The Vanity of Dogmatizing
Marc O. DeGirolami
St. John's University - School of Law
September 3, 2010
Constitutional Commentary, Vol. 27, 2010-2011
St. John's Legal Studies Research Paper No. 10-193
This essay considers Brian Tamanaha’s “Beyond the Formalist-Realist Divide,” a book which takes aim at one of the most deep-rooted jurisprudential dichotomies of the last century: the concepts of legal formalism and legal realism. The book aims “to free us from the formalist-realist stranglehold,” an exercise that, it is claimed, will allow “us [to] recover a sound understanding of judging.”
After summarizing the historical features of the book, this essay explores Tamanaha’s interesting critical reconstruction, one which attempts to explain why the formalist/realist dichotomy achieved such salience in the face of copious contrary historical evidence. In the context of assessing the author’s critique, the essay expresses some reservations about Tamanaha’s appeal to “balanced realism.” In specific, the essay argues that a book that purports to debunk certain conceptual categories should not return to the same dry conceptual well after purporting to drain it.
This recursive move suggests that even after all the historical smudge-marks have been identified and retouched, the best that can be done is resignation to a kind of murky via media somewhere between formalism and realism’s grosser excesses. The essay offers two interpretations of Tamanaha’s backslide to “balanced realism,” which it calls the metaphysical and the historicist interpretations.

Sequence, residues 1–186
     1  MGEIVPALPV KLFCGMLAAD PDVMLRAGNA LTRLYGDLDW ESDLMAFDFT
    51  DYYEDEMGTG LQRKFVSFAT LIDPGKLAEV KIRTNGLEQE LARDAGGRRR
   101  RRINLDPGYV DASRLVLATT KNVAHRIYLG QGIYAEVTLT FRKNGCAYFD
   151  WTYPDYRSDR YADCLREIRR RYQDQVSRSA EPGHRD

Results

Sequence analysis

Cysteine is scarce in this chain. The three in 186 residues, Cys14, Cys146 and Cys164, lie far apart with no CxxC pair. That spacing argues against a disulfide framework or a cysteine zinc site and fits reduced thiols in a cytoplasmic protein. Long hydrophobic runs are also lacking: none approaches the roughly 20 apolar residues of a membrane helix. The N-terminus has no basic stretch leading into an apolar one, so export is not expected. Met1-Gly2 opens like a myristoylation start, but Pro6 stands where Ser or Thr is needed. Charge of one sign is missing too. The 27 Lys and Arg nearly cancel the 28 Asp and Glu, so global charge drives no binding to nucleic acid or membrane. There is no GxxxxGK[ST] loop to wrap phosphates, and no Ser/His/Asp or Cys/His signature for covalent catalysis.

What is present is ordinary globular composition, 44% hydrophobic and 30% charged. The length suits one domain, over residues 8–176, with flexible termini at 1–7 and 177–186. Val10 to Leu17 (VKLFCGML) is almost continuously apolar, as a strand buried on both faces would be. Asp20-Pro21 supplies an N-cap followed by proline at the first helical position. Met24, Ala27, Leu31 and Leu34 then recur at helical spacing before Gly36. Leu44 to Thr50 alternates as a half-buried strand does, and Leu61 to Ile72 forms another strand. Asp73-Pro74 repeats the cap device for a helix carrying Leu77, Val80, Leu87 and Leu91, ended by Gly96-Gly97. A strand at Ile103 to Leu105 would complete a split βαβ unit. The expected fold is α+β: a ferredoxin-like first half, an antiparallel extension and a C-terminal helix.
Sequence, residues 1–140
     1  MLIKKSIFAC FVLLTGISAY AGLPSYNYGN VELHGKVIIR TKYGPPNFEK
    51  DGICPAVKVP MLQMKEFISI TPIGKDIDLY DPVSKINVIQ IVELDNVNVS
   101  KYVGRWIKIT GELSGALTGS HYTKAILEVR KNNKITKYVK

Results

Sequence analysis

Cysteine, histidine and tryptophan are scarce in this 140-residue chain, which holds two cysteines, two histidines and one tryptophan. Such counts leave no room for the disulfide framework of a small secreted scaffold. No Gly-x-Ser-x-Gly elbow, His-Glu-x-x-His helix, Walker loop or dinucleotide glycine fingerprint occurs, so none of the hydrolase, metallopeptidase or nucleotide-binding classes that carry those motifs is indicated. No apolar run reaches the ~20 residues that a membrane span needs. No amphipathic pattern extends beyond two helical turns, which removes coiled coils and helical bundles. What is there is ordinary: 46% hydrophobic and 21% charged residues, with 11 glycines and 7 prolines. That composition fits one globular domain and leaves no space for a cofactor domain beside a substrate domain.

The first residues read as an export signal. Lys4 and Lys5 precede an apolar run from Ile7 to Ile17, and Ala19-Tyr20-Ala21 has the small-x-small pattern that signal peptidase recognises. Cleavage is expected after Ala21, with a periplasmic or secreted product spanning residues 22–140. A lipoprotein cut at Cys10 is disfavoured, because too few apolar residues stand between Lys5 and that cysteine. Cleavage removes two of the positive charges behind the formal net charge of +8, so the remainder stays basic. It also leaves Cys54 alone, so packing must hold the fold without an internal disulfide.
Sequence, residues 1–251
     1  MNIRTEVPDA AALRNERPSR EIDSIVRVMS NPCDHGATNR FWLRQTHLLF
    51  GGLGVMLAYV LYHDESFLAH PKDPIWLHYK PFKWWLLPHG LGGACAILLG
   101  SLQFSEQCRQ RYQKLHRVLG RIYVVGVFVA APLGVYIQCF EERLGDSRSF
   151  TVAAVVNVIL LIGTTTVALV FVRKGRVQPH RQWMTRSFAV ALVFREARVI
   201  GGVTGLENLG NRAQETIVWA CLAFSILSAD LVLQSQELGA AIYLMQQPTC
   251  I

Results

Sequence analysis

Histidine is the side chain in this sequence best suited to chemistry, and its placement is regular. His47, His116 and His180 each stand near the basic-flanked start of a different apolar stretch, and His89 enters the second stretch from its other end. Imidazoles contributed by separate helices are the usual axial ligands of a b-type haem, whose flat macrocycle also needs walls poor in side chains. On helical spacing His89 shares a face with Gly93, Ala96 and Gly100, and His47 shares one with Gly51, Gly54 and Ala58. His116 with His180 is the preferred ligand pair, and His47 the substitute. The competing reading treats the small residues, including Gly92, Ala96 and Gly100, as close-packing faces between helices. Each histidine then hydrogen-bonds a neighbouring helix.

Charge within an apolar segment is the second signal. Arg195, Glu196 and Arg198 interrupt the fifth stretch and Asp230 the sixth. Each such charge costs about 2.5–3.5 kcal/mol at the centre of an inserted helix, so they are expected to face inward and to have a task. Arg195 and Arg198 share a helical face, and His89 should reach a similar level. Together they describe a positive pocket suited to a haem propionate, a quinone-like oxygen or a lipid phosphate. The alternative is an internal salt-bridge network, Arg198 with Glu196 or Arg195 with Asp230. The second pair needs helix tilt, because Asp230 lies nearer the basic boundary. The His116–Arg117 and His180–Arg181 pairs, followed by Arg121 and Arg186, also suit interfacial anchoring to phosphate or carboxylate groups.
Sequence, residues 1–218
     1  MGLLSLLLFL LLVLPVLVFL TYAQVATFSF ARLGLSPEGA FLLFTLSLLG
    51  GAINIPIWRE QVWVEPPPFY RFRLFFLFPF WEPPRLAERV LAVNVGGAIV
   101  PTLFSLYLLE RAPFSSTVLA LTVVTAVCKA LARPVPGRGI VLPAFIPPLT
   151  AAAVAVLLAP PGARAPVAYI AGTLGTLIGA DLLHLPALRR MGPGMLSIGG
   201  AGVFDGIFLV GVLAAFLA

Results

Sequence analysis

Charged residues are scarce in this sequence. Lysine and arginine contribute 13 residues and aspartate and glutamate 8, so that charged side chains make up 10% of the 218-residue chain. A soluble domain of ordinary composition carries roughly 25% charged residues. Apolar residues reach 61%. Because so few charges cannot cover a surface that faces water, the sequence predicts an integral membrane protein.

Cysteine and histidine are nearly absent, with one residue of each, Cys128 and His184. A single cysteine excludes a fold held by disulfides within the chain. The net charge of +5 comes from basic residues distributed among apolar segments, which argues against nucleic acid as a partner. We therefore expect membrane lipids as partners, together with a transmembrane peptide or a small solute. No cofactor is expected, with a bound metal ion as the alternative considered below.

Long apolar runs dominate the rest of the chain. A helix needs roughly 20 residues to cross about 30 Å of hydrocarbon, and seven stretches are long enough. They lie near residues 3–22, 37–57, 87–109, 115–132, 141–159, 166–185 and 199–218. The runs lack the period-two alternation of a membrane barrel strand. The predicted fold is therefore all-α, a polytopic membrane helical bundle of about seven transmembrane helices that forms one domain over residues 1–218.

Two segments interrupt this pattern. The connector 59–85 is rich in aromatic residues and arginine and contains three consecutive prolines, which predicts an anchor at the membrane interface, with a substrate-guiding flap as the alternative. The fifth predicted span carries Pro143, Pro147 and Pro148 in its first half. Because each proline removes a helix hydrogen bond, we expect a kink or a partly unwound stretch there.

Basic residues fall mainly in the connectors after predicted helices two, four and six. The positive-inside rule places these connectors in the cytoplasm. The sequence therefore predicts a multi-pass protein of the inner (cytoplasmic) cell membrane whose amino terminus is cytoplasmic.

What might all of this mean for legal scholarship? The question is too large to be pursued in any detail here, but the essay concludes by speculating about how adopting the metaphysical and historicist modes in legal theory might influence one facet of constitutional theory: originalist and living constitutionalist theories of interpretation. It is tentatively suggested that in light of the sorts of systematic academic distortions that Tamanaha so adeptly documents in the area of jurisprudence, the historicist mode, though rarely pursued by legal theorists, offers a more promising future for this debate in constitutional theory as well as for the formalist/realist question itself.
Number of Pages in PDF File: 28
Keywords: Legal Theory, Constitutional Law, American Legal History
Date posted: September 5, 2010 ; Last revised: November 16, 2010
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